Nord 260 and 262
Société des Avions Max Holste was set up in 1933 although its first design, a light two-seat side-by-side tourer, did not appear until 1945. Designated M.H.52, the aircraft was similar to the much more successful Ercoupe, and only 13 were built. The company fared better with its next design, a rugged, 6-seat utility monoplane called the Broussard, of which around 370 were built between 1952 and 1959. Max Holste next turned its attention to a DC-3 replacement, the M.H.250 Super Broussard in 1957. This was developed into the M.H.260 but, with financial losses mounting, Max Holste agreed in February 1960 to sell a 49% stake in the company to Cessna Aircraft, which was actively searching for a European manufacturing base. To free the Reims factory to begin assembly of Wichita-built Cessna 172s, Max Holste agreed on 20 November 1960 to sell the production and sales rights of the M.H.260 to Nord Aviation. Shortly afterwards, and with a French Government subsidy, a small production batch was ordered. The Nord 260 saw limited commercial use, with most of those built gravitating to the Government’s flight test organisation, Centre d’Essais en Vol. One aircraft was sold to Turboméca in 1959 for use as the company hack, a role it fulfilled until 1994 when it was sold to a preservation organisation.
Although at first sight the Nord 262 appears to be a development of the 260, it was in fact a new aircraft with a larger, pressurised fuselage and uprated engines. The 262 was provisionally selected by the Federal Aviation Agency as one of a group of five aircraft types to replace the DC-3 in mainline airline operations within the United States. However commercial sales were slow and the French military ultimately became the type’s biggest operator, retiring the last 262s for operational service in February 2009, two months after Airbus surrendered the aircraft’s EASA type certificate. Large numbers were placed in storage at Châteaudun, but closure of the base has led to disposal of all the stored aircraft, and survivor numbers have reduced considerably.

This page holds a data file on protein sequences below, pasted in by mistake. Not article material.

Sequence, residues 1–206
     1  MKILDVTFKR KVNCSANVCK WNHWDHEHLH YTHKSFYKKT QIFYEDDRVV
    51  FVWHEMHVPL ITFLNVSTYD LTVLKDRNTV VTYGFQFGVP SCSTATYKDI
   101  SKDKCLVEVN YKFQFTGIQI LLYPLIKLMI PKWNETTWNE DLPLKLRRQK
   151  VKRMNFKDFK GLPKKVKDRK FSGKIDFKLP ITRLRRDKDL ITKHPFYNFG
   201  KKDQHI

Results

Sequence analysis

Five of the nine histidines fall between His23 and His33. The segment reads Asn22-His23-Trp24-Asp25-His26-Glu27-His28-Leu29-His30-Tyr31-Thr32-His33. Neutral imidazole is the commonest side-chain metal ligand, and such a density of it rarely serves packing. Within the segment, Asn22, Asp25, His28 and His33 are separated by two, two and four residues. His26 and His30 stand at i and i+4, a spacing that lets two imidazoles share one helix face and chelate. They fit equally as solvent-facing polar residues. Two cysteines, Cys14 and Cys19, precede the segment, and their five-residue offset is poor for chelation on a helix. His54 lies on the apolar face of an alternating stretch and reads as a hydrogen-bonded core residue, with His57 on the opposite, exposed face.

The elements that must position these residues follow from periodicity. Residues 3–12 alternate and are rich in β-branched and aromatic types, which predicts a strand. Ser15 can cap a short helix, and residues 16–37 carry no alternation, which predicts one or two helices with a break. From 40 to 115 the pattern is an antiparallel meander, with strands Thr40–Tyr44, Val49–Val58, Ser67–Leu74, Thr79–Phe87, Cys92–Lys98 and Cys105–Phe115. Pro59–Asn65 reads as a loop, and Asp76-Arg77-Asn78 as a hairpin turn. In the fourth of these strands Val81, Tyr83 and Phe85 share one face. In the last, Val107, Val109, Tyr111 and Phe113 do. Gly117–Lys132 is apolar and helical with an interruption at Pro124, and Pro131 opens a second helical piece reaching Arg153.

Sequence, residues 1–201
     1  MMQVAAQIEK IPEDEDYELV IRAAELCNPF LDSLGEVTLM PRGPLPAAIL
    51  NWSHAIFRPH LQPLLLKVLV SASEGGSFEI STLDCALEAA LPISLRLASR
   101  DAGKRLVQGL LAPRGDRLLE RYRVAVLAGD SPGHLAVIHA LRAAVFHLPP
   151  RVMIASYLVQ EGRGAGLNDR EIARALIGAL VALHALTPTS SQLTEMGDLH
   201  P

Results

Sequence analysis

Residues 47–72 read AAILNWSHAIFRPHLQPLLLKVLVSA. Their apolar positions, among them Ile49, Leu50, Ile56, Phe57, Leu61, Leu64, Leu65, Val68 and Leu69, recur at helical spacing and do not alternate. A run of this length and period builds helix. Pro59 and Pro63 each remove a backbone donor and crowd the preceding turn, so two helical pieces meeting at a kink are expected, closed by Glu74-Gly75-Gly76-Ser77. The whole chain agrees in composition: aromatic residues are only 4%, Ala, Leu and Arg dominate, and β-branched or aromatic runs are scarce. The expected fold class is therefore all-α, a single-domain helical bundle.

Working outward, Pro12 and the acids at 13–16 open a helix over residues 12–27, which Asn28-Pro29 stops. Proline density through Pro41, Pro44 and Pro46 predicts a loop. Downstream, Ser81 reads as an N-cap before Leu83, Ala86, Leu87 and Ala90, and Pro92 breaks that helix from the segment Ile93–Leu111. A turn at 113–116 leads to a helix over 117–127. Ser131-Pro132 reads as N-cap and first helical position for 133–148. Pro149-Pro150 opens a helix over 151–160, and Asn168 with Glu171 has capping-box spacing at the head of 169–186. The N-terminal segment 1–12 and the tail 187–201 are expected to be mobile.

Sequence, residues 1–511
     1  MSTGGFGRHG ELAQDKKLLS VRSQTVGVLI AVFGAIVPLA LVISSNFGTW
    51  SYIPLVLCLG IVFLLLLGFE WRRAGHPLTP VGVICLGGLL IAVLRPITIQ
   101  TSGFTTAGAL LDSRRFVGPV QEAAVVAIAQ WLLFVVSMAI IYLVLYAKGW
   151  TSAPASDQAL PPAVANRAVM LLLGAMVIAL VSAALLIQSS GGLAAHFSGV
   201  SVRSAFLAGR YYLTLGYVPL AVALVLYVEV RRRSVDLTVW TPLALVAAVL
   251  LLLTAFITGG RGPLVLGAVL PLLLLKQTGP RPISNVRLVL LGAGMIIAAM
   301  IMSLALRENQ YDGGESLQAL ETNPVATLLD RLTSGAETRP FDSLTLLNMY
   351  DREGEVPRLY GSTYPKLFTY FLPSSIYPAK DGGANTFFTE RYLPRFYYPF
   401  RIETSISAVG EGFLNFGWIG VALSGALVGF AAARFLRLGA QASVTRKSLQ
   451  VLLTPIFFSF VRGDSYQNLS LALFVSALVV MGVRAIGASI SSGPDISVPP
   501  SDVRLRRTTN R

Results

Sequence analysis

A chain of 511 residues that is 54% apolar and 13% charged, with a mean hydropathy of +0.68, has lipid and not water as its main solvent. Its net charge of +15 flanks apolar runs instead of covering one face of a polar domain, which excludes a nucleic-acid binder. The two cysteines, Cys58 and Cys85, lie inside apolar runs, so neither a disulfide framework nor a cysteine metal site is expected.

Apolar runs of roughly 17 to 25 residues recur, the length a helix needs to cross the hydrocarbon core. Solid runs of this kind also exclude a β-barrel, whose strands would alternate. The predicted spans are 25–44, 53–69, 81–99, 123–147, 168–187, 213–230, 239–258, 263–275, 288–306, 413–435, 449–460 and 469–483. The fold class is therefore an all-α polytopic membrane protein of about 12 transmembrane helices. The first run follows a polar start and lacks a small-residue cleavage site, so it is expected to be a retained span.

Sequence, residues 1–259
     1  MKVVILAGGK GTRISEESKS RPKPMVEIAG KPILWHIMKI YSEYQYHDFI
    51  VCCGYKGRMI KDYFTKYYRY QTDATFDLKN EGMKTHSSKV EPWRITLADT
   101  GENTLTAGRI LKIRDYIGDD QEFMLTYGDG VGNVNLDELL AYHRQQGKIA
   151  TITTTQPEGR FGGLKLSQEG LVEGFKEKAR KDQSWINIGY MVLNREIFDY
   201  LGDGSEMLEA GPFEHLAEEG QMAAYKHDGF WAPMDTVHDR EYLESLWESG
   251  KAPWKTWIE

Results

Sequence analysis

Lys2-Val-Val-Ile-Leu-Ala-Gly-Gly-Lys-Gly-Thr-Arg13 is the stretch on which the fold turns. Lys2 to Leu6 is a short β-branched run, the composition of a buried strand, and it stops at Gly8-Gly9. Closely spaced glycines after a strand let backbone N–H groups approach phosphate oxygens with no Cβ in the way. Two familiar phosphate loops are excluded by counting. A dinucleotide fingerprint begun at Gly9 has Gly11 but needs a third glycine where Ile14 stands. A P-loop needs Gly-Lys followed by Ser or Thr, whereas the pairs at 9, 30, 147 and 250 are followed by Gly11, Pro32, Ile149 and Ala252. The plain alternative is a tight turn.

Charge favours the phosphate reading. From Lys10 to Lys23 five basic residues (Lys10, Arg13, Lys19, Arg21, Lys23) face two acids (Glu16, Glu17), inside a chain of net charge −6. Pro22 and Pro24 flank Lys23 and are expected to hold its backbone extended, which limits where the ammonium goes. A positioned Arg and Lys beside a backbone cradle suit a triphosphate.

First flight: M.H.250 - 20 May 59 (c/n 001, F-WJDA); M.H.260 - 27 Jul 60 (c/n 01, F-WJDV)
Production: 12, in France, comprising 2 at Reims and 10 at Toulouse-Blagnac, the last of which was never flown
First delivery: 15 Dec 62, to Widerøe (c/n 4, LN-LMB)
Last delivery: not known
Variants: M.H.250 Super Broussard - prototype, unpressurised airliner powered by 2 Pratt & Whitney R-1340 radials, with seating for up to 17 passengers, (1 built); M.H.260 - prototype of turbine-engine version, powered initially by Turbomeca Bastan IIIAs but re-engined with Bastan IVs (1 built); Nord 260 - production version (10 built).
First flight: 24 Dec 62 (c/n 01, F-WKVR)
Production: 111, in France, the first 4 at Châtillon-sous-Bagneux and the balance at Bourges
First delivery: 21 Jul 64, to Air Inter (c/n 4, F-BLHS)
Last delivery: 11 Mar 77, to French Air Force (c/n 110)
Variants: 262 - prototype and initial production version powered by 2 Turbomeca Bastan IVB turboprops, with seating for up to 26 passengers (8 built);
262A - 262 powered by Bastan Vis (70 built);
262C Frégate - developed version for the French Air Force powered by Bastan VIIs, with seating for up to 29 passengers (9 built, first flight 9 Jul 68);
262D Frégate - version of 262C for the French Air Force (24 built; first flight 15 Apr 70).
Conversions: 262D-AEN - navigation training version for the French Air Force featuring dorsal-mounted OMERA ORB-32 radar (5 converted by SECA at Paris-Le Bourget 1985-86);
262B – 262 re-engined with Bastan VI for Air-Inter (4 converted);
262E - anti-submarine warfare training version for the French Navy featuring ORB-32 search radar and other mission equipment (12 converted);
Mohawk 298 - re-engined version developed for Allegheny Airlines, powered by 2 United Aircraft PT6A-45 turboprops (9 converted by Frakes Aviation at Cleburne, TX; first flight 7 Jan 75).